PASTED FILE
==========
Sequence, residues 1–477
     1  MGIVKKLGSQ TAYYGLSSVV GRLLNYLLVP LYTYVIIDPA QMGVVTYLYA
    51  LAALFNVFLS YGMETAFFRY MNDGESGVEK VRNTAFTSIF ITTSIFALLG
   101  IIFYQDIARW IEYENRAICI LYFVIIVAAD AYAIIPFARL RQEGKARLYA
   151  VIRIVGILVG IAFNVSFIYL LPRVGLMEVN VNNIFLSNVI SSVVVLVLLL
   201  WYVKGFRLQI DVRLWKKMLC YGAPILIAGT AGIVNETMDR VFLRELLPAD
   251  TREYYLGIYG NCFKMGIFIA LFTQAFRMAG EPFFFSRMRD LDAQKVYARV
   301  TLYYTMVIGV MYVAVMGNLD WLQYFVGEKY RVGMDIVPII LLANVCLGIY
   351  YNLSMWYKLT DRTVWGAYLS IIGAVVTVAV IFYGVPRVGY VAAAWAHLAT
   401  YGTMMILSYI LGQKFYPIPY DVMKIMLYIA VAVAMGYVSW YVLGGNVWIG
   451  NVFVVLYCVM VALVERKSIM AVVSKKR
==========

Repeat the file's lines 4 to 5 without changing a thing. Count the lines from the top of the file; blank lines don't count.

   101  IIFYQDIARW IEYENRAICI LYFVIIVAAD AYAIIPFARL RQEGKARLYA
   151  VIRIVGILVG IAFNVSFIYL LPRVGLMEVN VNNIFLSNVI SSVVVLVLLL